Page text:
#Watergate: Labor Sees 'No Alternative' But Royal Commission Into $80 Million Water Buyback

Labor is calling for a Royal Commission into the water buyback scheme, as questions continue to be raised over an $80 million buyback in 2017.

Shadow Environment Minister -- and former Water Minister -- Tony Burke said he sees "no alternative" if Australia wants some much-needed answers.

"You don't call a Royal Commission unless you need to," Burke told The Sunday Project, acknowledging the former Labor government's mistakes in the buyback system at large.

"But when you have a former deputy Prime Minister of Australia boasting that he took control of the department and then saying, 'Oh no, but this one was completely at arms length'... And then there's the questions about prior ownership involvement of a fellow Cabinet minister, and then we can't get to the bottom of who is involved in the Cayman Islands... I don't see any alternative but to have the powers of a Royal Commission deal with that."

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Shadow Environment Minister Tony Burke speaks to The Sunday Project.

Burke was referring to former deputy PM Barnaby Joyce, who bragged about sacking Agriculture Department secretary Paul Grimes -- leaked footage of which aired on The Project this week.

READ MORE: Barnaby Joyce Dismisses Criticism Over Water Purchase In Explosive Interview

He was also referring to Energy Minister Angus Taylor's involvement, who was co-founder and director of a Cayman Islands-headquartered company which received the government's $80 million buyback. Taylor has denied having a direct or indirect financial interest in either Eastern Australia Irrigation or its subsidiary Eastern Australia Agriculture (EAA), and claimed he ceased all links prior to entering parliament in 2013.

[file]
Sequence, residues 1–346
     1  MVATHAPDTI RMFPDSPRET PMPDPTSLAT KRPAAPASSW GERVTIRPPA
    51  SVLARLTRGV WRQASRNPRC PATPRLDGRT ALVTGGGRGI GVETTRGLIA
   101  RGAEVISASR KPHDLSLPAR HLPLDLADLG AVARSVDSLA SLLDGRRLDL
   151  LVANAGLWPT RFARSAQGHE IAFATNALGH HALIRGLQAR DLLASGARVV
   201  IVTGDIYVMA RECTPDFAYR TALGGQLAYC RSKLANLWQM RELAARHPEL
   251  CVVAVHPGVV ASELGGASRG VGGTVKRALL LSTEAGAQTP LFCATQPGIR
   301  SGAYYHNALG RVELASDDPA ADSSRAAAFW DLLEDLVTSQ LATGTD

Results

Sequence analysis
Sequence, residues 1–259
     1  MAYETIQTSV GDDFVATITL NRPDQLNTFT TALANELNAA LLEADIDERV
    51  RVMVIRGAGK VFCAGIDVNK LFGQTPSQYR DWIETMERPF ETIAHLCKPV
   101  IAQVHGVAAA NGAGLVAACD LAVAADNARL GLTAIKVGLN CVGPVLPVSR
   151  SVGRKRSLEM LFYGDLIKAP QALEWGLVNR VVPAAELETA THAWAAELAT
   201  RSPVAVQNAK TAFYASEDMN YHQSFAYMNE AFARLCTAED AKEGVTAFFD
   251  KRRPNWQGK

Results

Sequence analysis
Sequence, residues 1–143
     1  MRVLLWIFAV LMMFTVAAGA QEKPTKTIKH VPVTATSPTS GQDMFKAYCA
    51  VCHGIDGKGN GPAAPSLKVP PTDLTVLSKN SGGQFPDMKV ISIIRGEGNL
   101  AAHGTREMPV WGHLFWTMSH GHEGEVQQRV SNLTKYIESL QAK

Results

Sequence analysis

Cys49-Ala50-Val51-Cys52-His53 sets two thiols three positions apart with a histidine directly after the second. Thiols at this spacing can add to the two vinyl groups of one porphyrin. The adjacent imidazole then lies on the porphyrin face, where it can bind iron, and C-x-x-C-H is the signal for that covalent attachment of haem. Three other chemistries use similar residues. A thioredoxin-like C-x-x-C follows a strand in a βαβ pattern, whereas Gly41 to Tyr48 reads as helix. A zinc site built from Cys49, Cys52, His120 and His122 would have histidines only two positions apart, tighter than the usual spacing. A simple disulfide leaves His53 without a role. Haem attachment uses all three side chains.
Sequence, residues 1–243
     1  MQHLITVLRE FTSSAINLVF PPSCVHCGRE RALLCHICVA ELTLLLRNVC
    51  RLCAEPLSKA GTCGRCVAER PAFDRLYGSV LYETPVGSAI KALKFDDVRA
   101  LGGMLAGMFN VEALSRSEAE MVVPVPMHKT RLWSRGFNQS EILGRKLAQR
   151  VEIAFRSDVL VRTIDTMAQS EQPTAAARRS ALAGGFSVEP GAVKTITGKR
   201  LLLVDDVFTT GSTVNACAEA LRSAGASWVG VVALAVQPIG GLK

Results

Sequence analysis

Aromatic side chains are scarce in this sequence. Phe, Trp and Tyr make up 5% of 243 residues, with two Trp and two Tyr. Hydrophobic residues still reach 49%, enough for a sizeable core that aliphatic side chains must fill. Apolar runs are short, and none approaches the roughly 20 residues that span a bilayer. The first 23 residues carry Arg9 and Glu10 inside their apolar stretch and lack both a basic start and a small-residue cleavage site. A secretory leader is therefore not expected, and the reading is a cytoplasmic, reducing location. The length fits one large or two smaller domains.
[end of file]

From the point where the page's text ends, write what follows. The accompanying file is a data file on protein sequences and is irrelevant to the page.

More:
READ MORE: Statement From Minister Angus Taylor

It comes as new questions were raised on The Sunday Project around EAA-owned Queensland property Kia Ora, one of two properties at the heart of the scandal.

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Kia Ora as seen from the air. Photo: The Sunday Project.

Part of the $80 million buyback was to decommission levees at Kia Ora, to allow future floodwater to flow back into the river.

READ MORE: Did The Government Just Waste $80 Million Buying Water?

However, aerial surveillance by The Sunday Project showed that some key decommissioning work hasn't been completed.

A levee at the lower left-hand corner of Kia Ora was clearly marked for decommissioning, according to a report provided to Senate estimates.

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A levee at the lower left-hand corner of Kia Ora was marked for decommissioning. Photo: Sunday Project.

But former Murray Darling Basin Authority employee Bill Johnson told The Project's Hamish Macdonald it had not been done.

"There's no breach there. That has not been touched," Johnson said, as the pair flew over the property.

"It's taken us 15 minutes to circle this property and check on this," Macdonald said.

"Why hasn't anyone done that?"

In a statement, Queensland's Department of Natural Resources told The Sunday Project that reports confirmed the decommissioning work had taken place, and officials had visited the property a number of times.

The Commonwealth Environmental landholder, which has some degree of oversight for what happens to the water, is planning to inspect the site "as soon as possible", Macdonald revealed, citing sources.

"This is a significant development," he said.

"The question is, why hasn't the Commonwealth done it until now?"